Playing detective to reveal mysterious rooms

December 15, 2010 — by Denise Lin and Grishma Athavale

The bell rings, and students pour out of the classrooms, heading for their next class. In the hallway, they pass by several rooms that are vaguely recognizable, but which they have no knowledge about.

Such rooms serve as a constant source of mystery. Students cannot help but wonder, What is in the teachers-only science hallway? What is that tiny room next to the math quad edged in the corner next to the staff bathroom? What is in the rooms behind the library’s front desk? Four Falcon reporters decided to do some stealthy detective work and find out for ourselves.

Library back rooms:

Every day, students go into the library to do their homework, look at the computers, check out books or just hang out with friends. However, they are largely unaware of the hidden back rooms of the library, blocked by the library’s front desk.

The room furthest to the left contains a bounty of periodicals, where the library’s magazine archive is stored. It feels otherworldly just looking at the floor-to-ceiling shelves packed with magazines, a few of which date back to the 1940s. Most of these periodicals are now available for access on the library’s online databases. The library, has nonetheless still decided to keep all the periodicals as some of the issues on the database only date back twenty years and has not found another use for the space.

There is a cabinet in the same room that contains all the school’s yearbooks, beginning from the 1960 book to the 2010 book. Students can only look at the yearbooks with special permission, since they are “absolutely irreplacable.”

“This yearbook has Steven Spielberg in it,” said librarian Kevin Heyman, picking up the 1965 yearbook. “If we lose it, it’s gone forever. [The yearbooks] are available, but we guard them pretty closely.”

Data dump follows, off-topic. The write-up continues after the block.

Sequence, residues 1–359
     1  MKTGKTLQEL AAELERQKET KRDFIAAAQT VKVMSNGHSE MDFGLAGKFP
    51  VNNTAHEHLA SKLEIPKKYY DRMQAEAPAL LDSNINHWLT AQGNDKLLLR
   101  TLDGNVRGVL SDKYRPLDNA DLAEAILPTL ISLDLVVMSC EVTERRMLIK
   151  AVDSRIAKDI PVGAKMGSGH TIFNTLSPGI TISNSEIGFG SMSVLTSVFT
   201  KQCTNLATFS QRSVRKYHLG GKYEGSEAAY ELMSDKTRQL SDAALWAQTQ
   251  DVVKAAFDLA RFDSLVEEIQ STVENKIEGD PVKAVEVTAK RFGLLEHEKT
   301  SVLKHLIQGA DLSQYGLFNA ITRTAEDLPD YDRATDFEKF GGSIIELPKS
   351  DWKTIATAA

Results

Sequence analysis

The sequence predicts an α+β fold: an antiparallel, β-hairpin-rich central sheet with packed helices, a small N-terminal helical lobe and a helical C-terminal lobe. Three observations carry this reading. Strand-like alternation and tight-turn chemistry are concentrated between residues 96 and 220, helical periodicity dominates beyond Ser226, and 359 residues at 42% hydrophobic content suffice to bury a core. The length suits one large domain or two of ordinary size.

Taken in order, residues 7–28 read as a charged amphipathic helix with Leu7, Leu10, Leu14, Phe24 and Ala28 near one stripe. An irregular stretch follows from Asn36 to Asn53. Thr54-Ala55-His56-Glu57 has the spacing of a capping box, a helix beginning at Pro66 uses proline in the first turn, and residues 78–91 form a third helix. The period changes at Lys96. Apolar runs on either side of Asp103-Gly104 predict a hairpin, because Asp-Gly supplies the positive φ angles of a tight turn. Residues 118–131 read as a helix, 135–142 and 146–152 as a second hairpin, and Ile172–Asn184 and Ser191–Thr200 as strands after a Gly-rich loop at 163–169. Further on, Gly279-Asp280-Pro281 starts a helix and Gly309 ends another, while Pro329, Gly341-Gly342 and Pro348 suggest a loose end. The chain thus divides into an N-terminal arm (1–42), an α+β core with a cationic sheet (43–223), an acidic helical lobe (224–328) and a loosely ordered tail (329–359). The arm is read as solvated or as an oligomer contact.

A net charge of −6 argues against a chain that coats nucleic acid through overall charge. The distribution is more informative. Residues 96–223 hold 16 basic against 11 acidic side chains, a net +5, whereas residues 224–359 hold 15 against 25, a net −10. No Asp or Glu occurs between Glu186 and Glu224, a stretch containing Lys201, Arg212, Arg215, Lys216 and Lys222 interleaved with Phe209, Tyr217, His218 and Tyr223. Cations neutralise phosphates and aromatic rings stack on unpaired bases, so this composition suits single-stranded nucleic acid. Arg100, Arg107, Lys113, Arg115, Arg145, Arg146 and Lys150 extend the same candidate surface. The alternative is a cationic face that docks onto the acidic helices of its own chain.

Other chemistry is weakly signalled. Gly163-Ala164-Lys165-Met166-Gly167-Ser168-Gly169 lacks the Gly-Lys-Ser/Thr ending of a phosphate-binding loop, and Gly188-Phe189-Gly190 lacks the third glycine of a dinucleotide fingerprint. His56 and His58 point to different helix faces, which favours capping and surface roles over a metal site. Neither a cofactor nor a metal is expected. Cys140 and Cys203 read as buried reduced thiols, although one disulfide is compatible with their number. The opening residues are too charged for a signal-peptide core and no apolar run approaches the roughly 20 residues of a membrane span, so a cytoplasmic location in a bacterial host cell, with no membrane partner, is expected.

Beyond the periodical room is a room full of books and a large table and then an audio and visual storage room.

Room next to 005:

Have you ever wondered what’s really in the many rooms labeled “office” scattered around campus? There are many, yet most of them seem virtually untouched.
With the assistance of maintenance worker Barton Fitzgerald, we looked behind the door of a small office next to room 005, next to the library and research room building.
The opened doors revealed a white, squeaky clean, tiny room. A single rectangular table had been placed in the middle, and was accompanied by a cushioned chair. A couple shelves were filled with what seemed to be textbooks. The room, used as an extra English office, is pristine, undisturbed by the rowdy teenagers.

Double doors in front of English teach Erick Rector’s room:

The double doors on the right revealed an untouched electrical room, which had been caked with layers upon layers of dust throughout the years. Although not the cleanest place, the room had a mysterious nature, similar to that of a newly discovered attic or secret passageway. The room controls the electrical aspect of the small building and also contains an air compressor, which can be used to fill tires on a van, or anything else that requires compressed air.

Room 902

Located in the music quad, room 902 is also one of the lesser known rooms on campus. It has a set of back doors, a set of double doors in the English wing next to the back parking lot. However, these doors cannot be opened from the outside. The room is used to build and store sets for plays and musicals and can be accessed from a door in the music quad, next to the robotics room. The scene shop looks like an ideal workspace. Much of the wall is painted with intriguing figures, like a ninja and a horse.

Wooden tables sit around the room, in the middle, and against the walls on top of a tiled floor. A wooden table in the middle of the room is partially smoothed over with metal, which is part of a table saw; such equipment is used for woodwork.

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